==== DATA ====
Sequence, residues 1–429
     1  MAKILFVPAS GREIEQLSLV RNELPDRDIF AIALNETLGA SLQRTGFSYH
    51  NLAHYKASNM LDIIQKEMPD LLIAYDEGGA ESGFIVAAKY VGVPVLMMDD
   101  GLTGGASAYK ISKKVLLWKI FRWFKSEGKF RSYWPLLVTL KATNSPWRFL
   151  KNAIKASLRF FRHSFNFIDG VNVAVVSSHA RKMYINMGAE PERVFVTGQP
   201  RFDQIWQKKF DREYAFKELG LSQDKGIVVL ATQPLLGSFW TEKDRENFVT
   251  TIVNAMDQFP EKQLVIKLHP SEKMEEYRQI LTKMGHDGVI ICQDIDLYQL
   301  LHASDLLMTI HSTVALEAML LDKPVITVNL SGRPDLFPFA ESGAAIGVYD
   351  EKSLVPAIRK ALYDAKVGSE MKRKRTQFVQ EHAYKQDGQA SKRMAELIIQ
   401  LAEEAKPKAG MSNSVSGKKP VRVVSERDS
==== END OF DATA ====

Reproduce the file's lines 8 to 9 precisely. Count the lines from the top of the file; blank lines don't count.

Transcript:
   301  LHASDLLMTI HSTVALEAML LDKPVITVNL SGRPDLFPFA ESGAAIGVYD
   351  EKSLVPAIRK ALYDAKVGSE MKRKRTQFVQ EHAYKQDGQA SKRMAELIIQ